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I hunt alot of geese in fields, so having Fido steady in the mutt hutt is priority #1 for you IMHO. Our club will try to do a couple of days in later August where we have 3-5 layout blinds and with dogs in their mutt hutts; then we thrown about 5-7 dokkens pretty much around the same time to simulate a chaotic shoot at ducks (too hard to throw dokken geese from remote launchers). We practice like we hunt (as close as possible at least). Great opportunity to test the dogs and to correct breaking in such a scenario. We'll put some dokken geese (and ducks) out as blind retrieves as well

Practicing with a dokken goose decoy is good training for carrying the approximate weight of a goose (its my lab's favorite decoy to "play" with), but using a real goose is even better. I agree with starting retrieves from water with a real goose then moving to land, but don't wait for that as you can start that process with the dokken goose decoy - worth the investment.

Steady until released is absolutely required. As far as training for cripples, you can't really (without being unethical in your training methods and I don't support that). Outside of Mike's suggestion above, Fido will have to learn how to handle crips as he/she experiences retrieving in real hunting scenarios.
 

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I too use the Dokken goose to get dogs started picking up big heavy objects...I keep a snow goose in the freezer for the next step...big ole barn yard ducks make a good transition to live birds of big size....A live on one water can be a big shock to young dogs...just tie the feet together and toss in the pond...Steve S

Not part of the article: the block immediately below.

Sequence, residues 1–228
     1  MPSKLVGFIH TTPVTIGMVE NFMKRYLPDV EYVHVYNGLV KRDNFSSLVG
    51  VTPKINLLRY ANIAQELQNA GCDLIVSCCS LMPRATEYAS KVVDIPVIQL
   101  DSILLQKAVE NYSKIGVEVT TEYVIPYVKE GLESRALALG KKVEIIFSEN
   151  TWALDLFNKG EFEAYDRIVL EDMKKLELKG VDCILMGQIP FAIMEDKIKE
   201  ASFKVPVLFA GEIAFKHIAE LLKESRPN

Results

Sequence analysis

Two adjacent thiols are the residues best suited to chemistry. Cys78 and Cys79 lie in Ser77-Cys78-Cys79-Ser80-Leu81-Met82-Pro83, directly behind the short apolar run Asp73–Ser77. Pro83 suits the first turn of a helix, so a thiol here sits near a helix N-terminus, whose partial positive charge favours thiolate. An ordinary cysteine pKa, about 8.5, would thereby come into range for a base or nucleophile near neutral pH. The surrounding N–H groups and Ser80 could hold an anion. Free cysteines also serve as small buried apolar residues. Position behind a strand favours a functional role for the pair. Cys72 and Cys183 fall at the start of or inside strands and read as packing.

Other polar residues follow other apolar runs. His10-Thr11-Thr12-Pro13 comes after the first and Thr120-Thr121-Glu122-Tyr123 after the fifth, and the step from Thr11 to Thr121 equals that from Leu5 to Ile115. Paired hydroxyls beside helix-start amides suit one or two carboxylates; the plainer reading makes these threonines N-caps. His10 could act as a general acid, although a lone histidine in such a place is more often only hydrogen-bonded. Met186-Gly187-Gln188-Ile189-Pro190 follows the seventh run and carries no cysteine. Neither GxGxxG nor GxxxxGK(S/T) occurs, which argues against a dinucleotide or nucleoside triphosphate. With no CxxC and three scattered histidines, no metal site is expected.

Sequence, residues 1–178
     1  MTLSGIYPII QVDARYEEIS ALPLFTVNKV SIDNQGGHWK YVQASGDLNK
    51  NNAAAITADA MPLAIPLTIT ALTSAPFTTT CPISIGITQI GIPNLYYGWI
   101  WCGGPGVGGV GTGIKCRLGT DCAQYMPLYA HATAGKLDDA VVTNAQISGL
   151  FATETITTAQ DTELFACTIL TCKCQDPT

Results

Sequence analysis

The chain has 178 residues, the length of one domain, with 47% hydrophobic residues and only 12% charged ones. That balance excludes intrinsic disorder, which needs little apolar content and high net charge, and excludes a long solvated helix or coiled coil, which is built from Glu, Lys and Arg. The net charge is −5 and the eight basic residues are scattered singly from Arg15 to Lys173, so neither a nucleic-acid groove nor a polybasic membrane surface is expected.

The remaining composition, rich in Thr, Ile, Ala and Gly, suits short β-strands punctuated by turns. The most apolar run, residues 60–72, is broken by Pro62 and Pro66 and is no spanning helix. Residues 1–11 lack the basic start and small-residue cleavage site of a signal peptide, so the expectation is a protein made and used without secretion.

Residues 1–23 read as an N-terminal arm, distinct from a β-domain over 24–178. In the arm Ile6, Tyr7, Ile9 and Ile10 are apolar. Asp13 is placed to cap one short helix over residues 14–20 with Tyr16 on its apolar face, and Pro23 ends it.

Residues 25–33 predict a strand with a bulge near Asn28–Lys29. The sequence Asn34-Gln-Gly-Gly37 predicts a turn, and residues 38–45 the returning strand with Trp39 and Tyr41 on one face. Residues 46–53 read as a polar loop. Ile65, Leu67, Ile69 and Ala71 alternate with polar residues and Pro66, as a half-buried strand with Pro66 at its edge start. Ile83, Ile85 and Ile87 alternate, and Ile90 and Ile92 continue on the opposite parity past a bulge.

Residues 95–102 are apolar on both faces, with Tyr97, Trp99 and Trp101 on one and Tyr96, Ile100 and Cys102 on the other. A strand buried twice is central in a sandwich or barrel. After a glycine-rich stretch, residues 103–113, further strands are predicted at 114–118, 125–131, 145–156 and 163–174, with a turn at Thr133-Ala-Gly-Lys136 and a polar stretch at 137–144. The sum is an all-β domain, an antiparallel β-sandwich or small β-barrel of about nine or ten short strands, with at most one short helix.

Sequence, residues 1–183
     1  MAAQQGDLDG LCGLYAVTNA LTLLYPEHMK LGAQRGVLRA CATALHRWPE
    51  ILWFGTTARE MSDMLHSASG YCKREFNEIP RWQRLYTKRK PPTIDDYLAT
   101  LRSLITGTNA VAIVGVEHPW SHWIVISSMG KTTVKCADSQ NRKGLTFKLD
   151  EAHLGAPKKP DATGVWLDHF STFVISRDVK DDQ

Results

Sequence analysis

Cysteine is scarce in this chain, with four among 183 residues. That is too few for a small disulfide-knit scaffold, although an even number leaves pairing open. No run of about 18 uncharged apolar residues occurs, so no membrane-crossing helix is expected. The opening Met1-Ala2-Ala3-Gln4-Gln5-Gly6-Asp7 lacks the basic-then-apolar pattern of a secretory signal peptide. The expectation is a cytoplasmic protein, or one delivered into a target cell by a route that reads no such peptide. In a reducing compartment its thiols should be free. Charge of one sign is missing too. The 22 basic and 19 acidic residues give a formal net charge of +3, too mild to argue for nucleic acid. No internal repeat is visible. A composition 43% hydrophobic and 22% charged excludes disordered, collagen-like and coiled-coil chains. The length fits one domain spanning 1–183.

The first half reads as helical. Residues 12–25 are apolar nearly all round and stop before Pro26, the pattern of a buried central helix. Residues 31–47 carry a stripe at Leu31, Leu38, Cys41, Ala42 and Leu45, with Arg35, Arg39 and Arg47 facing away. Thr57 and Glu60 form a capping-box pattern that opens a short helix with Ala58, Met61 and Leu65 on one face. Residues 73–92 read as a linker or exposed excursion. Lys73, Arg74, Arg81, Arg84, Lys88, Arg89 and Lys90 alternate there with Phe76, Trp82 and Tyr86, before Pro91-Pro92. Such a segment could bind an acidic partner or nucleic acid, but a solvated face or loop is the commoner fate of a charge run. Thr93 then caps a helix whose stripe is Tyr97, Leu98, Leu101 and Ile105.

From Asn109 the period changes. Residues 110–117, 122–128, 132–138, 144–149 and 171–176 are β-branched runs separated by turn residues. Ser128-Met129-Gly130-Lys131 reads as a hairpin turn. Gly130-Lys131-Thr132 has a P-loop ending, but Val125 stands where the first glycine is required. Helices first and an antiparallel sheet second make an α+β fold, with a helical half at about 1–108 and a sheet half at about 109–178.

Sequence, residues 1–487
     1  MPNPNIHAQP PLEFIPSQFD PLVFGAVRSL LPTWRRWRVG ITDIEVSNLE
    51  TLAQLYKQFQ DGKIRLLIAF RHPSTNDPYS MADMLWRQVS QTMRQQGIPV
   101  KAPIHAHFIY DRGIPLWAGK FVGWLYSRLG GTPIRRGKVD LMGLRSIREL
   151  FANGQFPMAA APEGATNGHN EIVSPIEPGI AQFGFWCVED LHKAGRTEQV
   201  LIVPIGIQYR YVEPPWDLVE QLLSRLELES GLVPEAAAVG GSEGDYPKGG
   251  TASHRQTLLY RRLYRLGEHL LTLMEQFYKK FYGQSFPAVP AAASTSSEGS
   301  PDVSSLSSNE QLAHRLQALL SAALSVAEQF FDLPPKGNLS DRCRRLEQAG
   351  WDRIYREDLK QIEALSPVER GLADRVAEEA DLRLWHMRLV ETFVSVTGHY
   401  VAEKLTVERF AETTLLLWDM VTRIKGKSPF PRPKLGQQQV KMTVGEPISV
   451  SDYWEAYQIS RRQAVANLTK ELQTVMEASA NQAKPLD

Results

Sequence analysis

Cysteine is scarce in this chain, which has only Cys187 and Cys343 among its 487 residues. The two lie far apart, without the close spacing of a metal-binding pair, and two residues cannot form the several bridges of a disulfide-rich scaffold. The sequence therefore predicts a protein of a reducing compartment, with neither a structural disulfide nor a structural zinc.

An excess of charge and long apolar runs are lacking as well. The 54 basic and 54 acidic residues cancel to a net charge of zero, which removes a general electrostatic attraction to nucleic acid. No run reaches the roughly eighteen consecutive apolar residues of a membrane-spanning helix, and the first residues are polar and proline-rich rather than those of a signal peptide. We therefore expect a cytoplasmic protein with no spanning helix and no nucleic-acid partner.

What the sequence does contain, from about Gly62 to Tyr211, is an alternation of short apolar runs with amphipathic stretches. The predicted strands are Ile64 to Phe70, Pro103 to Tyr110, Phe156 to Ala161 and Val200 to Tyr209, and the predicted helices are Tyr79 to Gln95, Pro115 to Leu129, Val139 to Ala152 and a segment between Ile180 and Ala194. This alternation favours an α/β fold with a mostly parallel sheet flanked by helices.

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Kyle, I have a goose dokken if you want to borrow it. Could prob sacrafice a muscovy drake if you wanted real feathers.

Alison
 

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Kyle, I have a goose dokken if you want to borrow it. Could prob sacrafice a muscovy drake if you wanted real feathers.

Alison
here you go ...take um up on the offer.....Steve S
 

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Just to add on the steadiness issue....ain't no shame in staking a young (or even old) dog out in his dog blind. Hard to duplicate 2 dozen honking longnecks back peddling in a pups face!
For sure, nothing can undo time well spent training then a goose hunt with all the commotion of the geese, calls, flags. We try to make sure that they are really ready to handle it by setting up training with everything we use in the field adding a CD of geese to expose them to the sounds. We set up wingers for crossing and incomming shots in and outside the decoys. When we do take them out its one guy doing the shooting one bird at a time at first. We also shoot crips before sending the dog and even to go as far as picking up birds ourselfs from time to time just to reinforce steadiness and that not everything is a shoot and go idea. One other thing we do, is not send the dog from their blind but call them to heel to the layout blind and then send them, it seems to help with avoiding breaking from the dog blind and later if we need to send them on a crip then we can take care of that first. Everything is set up in the best interest of the dog to the best of our ability.

Almost time to dig everything out again!!!!